Formation of ionic complexes in cryogenic matrices: A case study using codeposition of Cu^{−} with rare gas cations in solid argon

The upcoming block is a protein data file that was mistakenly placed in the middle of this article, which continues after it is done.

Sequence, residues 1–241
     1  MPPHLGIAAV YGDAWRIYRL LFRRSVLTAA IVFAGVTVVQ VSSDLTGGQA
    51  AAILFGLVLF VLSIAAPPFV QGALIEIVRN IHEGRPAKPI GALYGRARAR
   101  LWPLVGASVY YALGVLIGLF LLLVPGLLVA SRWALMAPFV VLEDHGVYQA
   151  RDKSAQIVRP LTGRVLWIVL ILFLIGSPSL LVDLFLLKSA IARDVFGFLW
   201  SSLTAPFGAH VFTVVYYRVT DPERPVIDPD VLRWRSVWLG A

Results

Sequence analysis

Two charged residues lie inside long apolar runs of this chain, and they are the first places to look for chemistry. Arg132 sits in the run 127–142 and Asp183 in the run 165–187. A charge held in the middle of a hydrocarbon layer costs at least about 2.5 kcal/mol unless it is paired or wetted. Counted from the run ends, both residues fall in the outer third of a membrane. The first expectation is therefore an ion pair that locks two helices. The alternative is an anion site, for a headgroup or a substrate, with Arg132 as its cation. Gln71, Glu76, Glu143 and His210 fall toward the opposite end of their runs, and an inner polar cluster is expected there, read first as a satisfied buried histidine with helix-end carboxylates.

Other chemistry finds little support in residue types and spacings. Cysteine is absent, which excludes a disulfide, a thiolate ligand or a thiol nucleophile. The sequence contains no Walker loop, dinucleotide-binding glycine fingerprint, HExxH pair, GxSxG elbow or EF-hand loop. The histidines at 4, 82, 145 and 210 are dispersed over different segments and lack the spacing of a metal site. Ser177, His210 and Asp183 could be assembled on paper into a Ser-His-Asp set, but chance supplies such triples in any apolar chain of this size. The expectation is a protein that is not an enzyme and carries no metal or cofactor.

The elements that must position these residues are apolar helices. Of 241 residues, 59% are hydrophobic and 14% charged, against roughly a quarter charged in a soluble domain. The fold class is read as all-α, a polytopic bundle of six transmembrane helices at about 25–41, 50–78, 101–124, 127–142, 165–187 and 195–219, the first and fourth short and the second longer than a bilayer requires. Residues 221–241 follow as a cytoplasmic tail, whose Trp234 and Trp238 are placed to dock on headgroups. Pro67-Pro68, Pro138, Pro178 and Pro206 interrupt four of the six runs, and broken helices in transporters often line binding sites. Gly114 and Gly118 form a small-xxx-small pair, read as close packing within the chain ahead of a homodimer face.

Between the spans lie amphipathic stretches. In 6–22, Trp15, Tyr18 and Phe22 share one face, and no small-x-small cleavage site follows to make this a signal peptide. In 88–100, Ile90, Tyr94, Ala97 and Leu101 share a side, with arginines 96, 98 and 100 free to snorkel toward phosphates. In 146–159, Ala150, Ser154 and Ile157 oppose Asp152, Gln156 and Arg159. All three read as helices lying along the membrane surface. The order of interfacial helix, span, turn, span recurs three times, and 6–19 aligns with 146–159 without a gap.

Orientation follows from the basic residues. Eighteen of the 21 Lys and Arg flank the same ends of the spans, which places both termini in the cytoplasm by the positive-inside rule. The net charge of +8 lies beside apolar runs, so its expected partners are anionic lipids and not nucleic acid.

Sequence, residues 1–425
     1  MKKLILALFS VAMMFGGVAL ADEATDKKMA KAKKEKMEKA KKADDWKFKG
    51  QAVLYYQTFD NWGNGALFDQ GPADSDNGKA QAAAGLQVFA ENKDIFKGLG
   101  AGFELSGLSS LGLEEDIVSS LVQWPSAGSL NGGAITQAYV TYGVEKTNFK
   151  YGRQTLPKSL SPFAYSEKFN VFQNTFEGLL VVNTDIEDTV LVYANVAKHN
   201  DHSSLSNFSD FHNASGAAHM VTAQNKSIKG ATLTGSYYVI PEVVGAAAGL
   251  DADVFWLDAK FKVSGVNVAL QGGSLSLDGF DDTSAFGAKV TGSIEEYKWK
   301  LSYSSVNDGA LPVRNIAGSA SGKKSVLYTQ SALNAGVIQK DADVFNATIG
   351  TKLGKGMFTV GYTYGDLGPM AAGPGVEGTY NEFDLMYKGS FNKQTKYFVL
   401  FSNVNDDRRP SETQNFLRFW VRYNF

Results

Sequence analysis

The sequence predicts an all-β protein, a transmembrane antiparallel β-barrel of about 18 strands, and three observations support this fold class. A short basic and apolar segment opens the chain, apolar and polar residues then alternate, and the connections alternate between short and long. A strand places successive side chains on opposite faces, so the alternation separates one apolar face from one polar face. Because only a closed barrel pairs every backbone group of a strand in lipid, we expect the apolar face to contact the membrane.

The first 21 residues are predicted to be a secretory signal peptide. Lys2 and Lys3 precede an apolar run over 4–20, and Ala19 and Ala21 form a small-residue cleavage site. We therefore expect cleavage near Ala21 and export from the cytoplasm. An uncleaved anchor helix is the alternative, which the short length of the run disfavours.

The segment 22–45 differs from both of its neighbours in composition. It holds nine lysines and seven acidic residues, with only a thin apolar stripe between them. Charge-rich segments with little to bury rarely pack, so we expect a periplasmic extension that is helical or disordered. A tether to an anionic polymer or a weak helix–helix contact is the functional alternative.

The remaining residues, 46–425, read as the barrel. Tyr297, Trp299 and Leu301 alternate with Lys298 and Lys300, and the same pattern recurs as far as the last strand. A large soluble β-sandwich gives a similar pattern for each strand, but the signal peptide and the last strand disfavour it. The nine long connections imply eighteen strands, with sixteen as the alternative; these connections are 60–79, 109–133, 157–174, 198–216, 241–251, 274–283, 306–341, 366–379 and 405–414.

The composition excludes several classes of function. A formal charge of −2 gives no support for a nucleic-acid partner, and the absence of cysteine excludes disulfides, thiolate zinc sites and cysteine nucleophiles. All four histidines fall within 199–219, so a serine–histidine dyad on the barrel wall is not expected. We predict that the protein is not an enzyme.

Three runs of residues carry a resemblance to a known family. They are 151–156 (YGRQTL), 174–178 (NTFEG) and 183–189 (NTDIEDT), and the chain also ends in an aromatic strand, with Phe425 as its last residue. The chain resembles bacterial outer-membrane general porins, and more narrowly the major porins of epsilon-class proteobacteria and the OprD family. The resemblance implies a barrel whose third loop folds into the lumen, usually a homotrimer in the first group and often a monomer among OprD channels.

View Description Hide DescriptionMatrix isolation spectra have been obtained for ionic species formed from a beam of massselected ions, with a coincident beam of externally generated counterions used to provide charge balance. Infrared spectra were obtained for copper carbonyl complexes formed following deposition of Cu ^{−} ions with raregas countercations into COdoped argon matrices. Both anionic and neutral copper carbonyl complexes Cu(CO)n ^{q} (n = 1–3; q = 0, −1) were observed in the spectra, with peak positions corresponding to previously reported assignments; new partially resolved bands appearing in the range 1830–1845 cm^{−1} are assigned to larger [Cu(CO)3•(CO)n]^{−} aggregates, having additional CO ligands in the second solvation shell. The experimental geometry ensures that all Cucenters initially arrive at the matrix as anions, so the relative abundance of anionic relative to neutral complexes is much higher than in previous studies employing alternative methods for ion deposition; this allows for monitoring of electrontransfer processes between anions and cations in the matrix. Comparison of timedependent vs. temperaturedependent trends reveals that there are two distinct mechanisms by which the population of anionic complexes is converted into neutral complexes: shortrange electron transfer between a cationanion pair following diffusion, and longrange electron transfer involving photodetachment of an electron from the anion into the conduction band of solid argon, resulting in eventual recombination of the electron with a cation in a remote matrix site. The spectra also show a marked dependence on the deposition temperature and dopant concentration, in that 100fold higher CO concentrations were required during deposition with the sample window at 10 K compared to that used at 20 K, in order to obtain a similar distribution of copper carbonyl complexes. Furthermore, although no carbonyl complexes are observed initially when low concentrations of CO are used at 10 K, upon warming the matrix to 15 K, the neutral di and tricarbonyl peaks appear abruptly, which is attributed to fast diffusion of CO stimulated by the energy released upon shortrange electrontransfer between Cu ^{−}:countercation pairs.